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Vocal resonance


This is the auscultatory equivalent of vocal fiemitus. Place the stethoscope on the chest and ask the patient to say 'ninetynine". Normally the sound produced is 'fuzzy' and seems to come from the chest piece of the stethoscope. The changes

in disease should by now be predictable. The sound is increased in consolidation (better transmission through solid lung)and decreased if there is air, fluid or pleural thickening between the lung and the chest wall. The changes of vocal fremitus are the same. Both tests are of little value in themselves, yet a refinement of vocal resonance can be very uscful. Sometimes the increased transmission of sound is so

marked that even when the patient whispers, the sound is still heard clearly over the affected lung (whispering pectoriloquy). When this is well developed there is a striking difference between the normal side, where the sound appears to come from the end of the stethoscope and the abnormal side where the syllables are much clearer and seem as if they are being whispered into your ear.Bronchial breathing and whispering pectoriloquy often occur together. Consequently, if you are in doubt about the presence of bronchial breathing then whispering pectoriloquy may confirm it. Like bronchia] breathing, whispering pectoriloquy is characteristic of consolidation but can also occur with lung abscess and above an effusion.



Added sounds


There are three types of added sounds: wheezes, crackles and pleural rubs. Much confusion has been generated in the past by other terms such as rbonchi which are equivalent to wheezes and crepitations and rales which are equivalent to crackles. Further subdivision is often attempted but is of very limited value.




These are prolonged musical sounds largely occurring on expiration, sometimes on inspiration, and are due to localised narrowing within the bronchial tree. They are caused by the vibration of the walls of a bronchus near to its point of closure.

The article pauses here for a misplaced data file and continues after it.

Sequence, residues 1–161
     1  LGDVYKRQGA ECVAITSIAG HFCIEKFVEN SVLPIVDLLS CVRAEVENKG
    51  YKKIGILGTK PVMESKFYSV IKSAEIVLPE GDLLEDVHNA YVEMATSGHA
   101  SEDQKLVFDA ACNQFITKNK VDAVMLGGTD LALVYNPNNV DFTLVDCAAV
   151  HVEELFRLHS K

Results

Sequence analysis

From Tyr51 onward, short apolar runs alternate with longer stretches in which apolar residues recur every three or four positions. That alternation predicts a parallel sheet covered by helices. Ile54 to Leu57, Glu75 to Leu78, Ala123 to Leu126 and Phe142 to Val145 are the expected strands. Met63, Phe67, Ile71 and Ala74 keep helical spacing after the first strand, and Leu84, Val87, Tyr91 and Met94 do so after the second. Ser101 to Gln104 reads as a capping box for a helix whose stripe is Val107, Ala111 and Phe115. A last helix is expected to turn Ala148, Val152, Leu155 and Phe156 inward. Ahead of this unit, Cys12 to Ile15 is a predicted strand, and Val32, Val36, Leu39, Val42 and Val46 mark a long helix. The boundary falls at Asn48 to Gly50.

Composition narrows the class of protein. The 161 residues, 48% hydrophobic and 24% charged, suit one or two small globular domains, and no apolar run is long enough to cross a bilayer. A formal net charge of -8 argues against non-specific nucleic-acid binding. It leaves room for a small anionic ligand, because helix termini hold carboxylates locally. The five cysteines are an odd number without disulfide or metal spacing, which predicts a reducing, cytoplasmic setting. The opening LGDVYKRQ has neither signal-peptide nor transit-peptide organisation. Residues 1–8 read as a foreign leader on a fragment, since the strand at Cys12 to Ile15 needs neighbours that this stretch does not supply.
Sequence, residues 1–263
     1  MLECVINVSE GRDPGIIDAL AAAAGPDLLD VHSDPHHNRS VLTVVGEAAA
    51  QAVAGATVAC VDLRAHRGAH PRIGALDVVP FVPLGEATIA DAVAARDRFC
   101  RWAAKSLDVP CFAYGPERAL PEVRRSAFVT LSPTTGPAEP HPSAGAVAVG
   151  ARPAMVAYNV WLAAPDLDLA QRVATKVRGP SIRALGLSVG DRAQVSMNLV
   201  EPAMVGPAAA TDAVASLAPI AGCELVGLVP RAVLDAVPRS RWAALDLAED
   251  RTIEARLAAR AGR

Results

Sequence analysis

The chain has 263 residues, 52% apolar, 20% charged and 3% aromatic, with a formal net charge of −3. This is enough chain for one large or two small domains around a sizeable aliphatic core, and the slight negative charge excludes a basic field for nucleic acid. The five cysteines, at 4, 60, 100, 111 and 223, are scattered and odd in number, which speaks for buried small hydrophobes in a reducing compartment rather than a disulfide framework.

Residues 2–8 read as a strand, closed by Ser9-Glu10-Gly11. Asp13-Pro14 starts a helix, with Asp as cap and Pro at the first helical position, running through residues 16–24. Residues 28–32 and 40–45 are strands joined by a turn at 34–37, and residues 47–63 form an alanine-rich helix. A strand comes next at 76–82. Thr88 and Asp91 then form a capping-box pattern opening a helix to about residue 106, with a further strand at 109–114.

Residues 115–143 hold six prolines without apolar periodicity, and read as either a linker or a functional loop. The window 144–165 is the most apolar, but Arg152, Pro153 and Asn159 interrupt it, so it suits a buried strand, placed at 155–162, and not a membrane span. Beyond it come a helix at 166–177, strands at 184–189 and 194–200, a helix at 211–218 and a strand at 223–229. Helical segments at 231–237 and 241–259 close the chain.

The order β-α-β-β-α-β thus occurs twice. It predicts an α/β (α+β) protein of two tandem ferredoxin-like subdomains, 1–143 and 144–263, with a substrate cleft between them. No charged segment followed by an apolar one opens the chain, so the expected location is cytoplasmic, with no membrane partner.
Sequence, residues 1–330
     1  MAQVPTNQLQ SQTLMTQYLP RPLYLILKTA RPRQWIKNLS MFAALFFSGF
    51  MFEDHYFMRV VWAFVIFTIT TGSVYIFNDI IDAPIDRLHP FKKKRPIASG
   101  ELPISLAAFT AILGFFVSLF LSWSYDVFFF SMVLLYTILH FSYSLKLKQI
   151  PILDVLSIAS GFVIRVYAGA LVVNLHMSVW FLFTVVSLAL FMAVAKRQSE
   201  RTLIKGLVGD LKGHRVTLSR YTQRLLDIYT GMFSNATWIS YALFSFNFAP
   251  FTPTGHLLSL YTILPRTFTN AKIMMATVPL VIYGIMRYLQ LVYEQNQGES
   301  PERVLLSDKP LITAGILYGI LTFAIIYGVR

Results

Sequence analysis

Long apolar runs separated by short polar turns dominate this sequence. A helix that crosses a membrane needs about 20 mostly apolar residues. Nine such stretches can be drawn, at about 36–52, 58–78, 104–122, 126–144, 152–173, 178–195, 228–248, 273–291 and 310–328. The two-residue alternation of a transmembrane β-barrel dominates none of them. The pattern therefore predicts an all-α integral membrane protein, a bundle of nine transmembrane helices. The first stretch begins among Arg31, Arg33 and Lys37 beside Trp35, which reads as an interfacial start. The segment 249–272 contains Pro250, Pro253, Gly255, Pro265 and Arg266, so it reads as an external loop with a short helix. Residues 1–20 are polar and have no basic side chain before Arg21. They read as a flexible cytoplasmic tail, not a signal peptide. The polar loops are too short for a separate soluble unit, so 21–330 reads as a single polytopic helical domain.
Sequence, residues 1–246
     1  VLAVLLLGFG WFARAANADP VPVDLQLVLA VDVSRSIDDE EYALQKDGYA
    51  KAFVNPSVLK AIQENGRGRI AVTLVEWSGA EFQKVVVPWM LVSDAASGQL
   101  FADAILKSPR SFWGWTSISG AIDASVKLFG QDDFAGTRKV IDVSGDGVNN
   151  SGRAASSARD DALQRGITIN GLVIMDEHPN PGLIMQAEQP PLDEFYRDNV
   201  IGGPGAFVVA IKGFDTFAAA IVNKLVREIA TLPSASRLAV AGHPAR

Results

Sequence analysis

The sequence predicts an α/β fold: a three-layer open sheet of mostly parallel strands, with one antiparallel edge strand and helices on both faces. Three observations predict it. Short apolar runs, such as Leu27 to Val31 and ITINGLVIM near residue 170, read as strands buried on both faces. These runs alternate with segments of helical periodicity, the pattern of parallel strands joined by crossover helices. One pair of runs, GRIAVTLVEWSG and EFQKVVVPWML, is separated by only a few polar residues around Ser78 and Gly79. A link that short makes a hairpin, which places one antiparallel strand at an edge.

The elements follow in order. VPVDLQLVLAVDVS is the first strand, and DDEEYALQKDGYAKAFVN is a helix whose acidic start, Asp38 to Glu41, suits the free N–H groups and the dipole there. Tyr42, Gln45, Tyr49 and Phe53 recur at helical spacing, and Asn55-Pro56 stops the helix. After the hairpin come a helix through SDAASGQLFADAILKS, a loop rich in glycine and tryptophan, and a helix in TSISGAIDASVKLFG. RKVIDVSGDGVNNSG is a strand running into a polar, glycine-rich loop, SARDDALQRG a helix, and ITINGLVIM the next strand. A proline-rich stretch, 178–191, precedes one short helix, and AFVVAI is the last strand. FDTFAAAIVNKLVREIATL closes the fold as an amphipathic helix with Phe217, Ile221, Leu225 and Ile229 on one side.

Most patients with wheeze have many, each coming from a single, narrowed area. As the lung gets smaller on expiration so the airways get smaller too, each narrowed airway reaches a critical phase when it produces a wheeze then ceases to do so. Thus, during expiration, numerous nanowings produce numerous wheezes in sequence and together. A single wheeze can occur and may then suggest a single narrowing often caused by a carcinoma or foreign body (fixed wheeze).


Wheezes are typical of airway narrowing from any cause. Asthma and chronic bronchitis are the most common and the narrowing is caused by a combination of smooth muscle contraction, inflammatory changes in the walls and increased bronchial secretions. Sometimes patients with these conditions have few or no wheezes. If so, ask the patient to take a deep breath and then to blow out hard. This may produce a marked wheeze. Occasionally, wheezing is heard in pulmonary edema, presumably because of bronchial wall edema. The term bronchospasm suggests narrowing caused only by smooth muscle contraction and should be avoided as the bronchial narrowing is usually multifactorial. Wheeze-like breath sounds can disappear in severe asthma and emphysema because of low rates of airflow. The amount of wheeze is not a good indicator to the degree of airways obstruction. Peak expiratory flow measurement is

much better.



Stridor may be heard better without a stethoscope by putting your ear close to the patient's mouth and asking the patient to breathe in and out. As indicated earlier, it is a sign atlarge airway narrowing either in the larynx, trachea or main bronchi.


Date: 2015-02-03; view: 1588

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